The American Evangelical Story Sparknotes

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The American Evangelical Story: A History of the Movement, by Douglas A. Sweeney. Grand Rapids, MI: Baker, 2005. 208 pages. Reviewed by Susan L. Schulte.

Introduction Evangelicalism by its very nature is hard to define. In fact, Douglas Sweeney, Chair of the Church History and the History of Christian Thought Department at Trinity Evangelical Divinity School states, “precious little consensus exists among those who have tried to describe the evangelical movement.” Nevertheless, Sweeney does an excellent attempt by briefly explicating the diverse history of the evangelical movement in his book, The American Evangelical Story: A History of the Movement. Sweeney, a Lutheran and expert in American religion and culture not only introduces …show more content…

It is an aptly chosen title, since he provides an overview on evangelicalism and its progression of religion in America. This book is well suited as a synopsis for church laity or as an accompanying text for students, since the chapter-by-chapter themes provide the reader with the pivotal points in evangelicalism’s development from the eighteenth century to the 1960s. Although a Lutheran, Sweeney’s own roots in evangelicalism do not overpower the historical account of other denominations. In fact, he only devotes a small section to Pietism, as it pertains to the overall story. Sweeney’s premise unfolds as each chapter builds upon the other. He logically begins with evangelicalism’s roots and connects each movement to its generation (e.g. cycle of revival and decline since the Great Awakening). In addition, within each branch of the movement, he not only reveals the spiritual impact it has generated, but also the consequences of its imperfections or failures as well. As a result, Sweeney offers a streamline volume, which demonstrates the diverse and rich heritage of evangelicalism in America as well as presenting a positive position for its …show more content…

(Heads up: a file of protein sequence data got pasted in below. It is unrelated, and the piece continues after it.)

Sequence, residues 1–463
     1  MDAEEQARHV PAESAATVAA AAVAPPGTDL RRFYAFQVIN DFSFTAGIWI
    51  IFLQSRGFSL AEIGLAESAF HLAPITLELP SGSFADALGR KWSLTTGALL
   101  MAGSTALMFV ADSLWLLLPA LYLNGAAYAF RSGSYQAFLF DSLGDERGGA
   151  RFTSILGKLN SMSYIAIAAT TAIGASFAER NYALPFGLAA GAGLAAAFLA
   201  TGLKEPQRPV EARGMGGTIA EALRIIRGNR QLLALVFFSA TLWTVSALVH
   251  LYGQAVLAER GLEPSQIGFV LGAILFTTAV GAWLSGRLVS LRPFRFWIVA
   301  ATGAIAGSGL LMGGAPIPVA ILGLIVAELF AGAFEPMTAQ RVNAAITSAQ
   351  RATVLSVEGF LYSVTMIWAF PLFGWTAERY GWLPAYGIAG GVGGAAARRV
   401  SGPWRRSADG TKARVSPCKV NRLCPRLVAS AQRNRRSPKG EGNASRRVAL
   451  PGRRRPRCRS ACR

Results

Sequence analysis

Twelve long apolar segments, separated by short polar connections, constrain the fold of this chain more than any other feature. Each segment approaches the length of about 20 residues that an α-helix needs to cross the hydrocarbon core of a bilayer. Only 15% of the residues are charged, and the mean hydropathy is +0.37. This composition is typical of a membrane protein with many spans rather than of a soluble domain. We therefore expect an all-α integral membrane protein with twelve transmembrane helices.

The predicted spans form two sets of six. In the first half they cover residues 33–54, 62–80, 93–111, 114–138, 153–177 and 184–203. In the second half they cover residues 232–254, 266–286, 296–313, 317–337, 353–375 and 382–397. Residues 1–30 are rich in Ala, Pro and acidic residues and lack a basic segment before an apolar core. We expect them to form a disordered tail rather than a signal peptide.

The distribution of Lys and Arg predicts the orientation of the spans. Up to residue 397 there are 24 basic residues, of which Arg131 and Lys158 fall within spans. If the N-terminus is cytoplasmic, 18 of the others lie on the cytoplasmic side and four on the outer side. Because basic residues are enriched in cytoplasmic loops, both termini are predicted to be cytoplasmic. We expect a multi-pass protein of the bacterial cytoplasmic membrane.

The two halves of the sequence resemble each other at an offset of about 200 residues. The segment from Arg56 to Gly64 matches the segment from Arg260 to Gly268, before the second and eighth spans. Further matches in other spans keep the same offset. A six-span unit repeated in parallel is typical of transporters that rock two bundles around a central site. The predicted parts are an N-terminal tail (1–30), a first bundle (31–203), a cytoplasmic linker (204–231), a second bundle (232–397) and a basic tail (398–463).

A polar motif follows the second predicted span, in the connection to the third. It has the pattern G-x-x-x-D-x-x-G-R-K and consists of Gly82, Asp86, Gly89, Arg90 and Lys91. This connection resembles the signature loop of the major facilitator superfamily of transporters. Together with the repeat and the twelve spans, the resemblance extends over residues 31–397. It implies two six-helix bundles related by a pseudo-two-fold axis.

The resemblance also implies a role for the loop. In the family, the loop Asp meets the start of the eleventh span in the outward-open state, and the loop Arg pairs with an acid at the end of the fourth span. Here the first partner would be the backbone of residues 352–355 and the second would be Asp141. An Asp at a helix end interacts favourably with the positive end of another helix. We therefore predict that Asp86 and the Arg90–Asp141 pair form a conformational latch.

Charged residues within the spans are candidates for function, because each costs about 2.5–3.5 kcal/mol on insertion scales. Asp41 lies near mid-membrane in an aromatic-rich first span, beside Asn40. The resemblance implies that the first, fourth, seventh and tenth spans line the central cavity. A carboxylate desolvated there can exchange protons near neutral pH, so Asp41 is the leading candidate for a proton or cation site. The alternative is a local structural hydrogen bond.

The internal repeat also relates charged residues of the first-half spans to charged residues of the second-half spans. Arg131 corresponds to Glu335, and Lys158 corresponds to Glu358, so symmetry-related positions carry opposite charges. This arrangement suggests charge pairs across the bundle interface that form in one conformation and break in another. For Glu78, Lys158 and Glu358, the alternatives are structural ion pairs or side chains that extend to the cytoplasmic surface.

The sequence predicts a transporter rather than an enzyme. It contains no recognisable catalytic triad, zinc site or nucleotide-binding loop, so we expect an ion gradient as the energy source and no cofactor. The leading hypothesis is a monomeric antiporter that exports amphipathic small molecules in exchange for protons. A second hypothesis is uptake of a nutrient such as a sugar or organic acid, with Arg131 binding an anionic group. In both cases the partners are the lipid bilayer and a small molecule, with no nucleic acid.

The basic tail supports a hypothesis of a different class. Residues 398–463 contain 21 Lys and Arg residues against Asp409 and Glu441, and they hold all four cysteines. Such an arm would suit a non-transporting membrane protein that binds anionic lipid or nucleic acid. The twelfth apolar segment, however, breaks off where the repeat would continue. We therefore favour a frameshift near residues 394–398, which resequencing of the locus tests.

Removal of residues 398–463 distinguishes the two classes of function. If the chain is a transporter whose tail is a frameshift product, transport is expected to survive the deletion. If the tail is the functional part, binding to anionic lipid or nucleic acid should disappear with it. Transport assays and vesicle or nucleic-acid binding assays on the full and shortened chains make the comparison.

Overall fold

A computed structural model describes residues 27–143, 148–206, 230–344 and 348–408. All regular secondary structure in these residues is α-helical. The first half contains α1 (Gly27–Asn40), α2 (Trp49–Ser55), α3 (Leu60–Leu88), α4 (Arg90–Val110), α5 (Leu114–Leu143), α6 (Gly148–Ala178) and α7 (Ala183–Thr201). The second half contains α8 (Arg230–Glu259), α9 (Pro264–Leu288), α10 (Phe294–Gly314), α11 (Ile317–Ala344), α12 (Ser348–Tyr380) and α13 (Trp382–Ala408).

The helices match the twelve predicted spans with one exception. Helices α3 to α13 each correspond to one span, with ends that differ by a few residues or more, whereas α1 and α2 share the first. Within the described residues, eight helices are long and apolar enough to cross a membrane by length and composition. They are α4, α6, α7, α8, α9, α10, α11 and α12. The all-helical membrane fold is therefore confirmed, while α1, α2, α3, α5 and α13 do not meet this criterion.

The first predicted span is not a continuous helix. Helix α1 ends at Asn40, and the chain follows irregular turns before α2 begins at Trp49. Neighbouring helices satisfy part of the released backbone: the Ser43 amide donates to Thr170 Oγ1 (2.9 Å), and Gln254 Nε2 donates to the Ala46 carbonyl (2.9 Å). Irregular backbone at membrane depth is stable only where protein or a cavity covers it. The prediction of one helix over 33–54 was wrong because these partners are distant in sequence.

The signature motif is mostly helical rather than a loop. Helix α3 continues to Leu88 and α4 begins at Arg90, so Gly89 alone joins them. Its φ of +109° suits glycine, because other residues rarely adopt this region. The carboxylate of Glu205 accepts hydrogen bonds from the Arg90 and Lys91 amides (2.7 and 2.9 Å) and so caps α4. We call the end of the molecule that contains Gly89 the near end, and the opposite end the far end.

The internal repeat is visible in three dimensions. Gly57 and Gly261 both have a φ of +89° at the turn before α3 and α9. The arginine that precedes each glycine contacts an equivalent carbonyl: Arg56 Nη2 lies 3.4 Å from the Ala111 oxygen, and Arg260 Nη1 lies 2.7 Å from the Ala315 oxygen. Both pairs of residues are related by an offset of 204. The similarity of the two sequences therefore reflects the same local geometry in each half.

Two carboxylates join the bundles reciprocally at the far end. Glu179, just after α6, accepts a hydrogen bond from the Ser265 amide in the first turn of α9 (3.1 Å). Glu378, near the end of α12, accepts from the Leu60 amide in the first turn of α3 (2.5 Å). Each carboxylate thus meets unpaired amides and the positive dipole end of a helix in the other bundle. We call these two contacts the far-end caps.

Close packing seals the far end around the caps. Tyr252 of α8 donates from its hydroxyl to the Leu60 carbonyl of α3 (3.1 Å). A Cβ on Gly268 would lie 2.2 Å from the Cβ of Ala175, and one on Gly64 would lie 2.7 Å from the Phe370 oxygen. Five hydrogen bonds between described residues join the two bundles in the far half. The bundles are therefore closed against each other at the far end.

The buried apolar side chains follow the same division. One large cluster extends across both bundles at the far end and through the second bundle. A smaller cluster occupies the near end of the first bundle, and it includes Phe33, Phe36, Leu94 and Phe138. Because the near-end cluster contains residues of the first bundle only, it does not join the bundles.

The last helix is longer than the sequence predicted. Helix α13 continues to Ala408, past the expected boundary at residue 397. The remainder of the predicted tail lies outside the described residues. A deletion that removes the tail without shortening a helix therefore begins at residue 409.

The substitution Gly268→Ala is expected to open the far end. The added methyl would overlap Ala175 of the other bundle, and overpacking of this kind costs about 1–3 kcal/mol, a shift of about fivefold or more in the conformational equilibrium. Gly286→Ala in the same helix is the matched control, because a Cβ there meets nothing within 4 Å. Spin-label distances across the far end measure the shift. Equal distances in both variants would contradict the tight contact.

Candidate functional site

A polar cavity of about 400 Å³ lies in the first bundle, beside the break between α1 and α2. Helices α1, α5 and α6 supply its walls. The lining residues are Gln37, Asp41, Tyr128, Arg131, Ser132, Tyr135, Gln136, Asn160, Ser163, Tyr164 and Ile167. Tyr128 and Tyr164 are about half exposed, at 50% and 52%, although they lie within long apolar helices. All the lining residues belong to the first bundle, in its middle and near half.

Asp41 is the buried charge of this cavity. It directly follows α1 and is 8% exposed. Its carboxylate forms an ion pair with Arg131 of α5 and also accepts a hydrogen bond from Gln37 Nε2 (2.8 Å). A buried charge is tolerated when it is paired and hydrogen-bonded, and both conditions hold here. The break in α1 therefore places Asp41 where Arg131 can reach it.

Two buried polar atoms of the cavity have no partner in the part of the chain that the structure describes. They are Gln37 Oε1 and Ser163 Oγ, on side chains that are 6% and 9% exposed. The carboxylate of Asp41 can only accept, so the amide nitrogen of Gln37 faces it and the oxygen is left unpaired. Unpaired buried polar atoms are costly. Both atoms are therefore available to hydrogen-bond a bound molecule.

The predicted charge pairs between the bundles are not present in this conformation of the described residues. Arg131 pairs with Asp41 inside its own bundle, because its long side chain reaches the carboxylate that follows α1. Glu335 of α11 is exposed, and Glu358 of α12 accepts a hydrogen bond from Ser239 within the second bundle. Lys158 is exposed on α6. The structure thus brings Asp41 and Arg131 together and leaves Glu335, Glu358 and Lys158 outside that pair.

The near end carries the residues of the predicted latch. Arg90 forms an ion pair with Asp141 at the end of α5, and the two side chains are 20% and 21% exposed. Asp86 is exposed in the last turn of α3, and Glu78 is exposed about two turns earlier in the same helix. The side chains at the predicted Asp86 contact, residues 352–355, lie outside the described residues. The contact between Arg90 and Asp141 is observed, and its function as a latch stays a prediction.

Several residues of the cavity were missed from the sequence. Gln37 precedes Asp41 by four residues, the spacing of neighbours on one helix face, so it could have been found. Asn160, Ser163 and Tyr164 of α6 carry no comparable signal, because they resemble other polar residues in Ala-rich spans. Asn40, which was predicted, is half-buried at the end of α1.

First, although Sweeney is an expert in American religion and culture, the book has inaccuracies. According to Mullin, “Pat Robertson's second-place finish in the 1988 Iowa caucuses surprised "all but his supporters," he did not win as Sweeney reports (150)” and “the World Relief Commission of the NAE began in 1944 (not 1945) as the War Relief Commission (172).” However, these inaccuracies do not take away from his premise. Yet, the reader is left wondering if the author’s research was specious. Next, while Sweeney does mention women as a vital part of the American evangelical story, a themed chapter devoted to their labors would be beneficial to both laity and scholar. Ziefle agrees. In his review, he states, “one cannot help but think a separate chapter specifically set aside to discuss women’s roles would have also been desirable.” Nevertheless, Sweeney does represent the rich heritage that women have contributed to the movement. Lastly, Sweeney disappointingly concludes his history of evangelicalism with the 1960s. Leaving the reader to assume there has been no significant change in the movement in the past forty-five years. However, this seems unlikely, since Robert Warner has written a book entitled, Reinventing English Evangelism, 1966-2001: A Theological and Sociological Study. Therefore, Sweeney premise lacks the rich and spiritual powerful heritage of the movement from 1970s to

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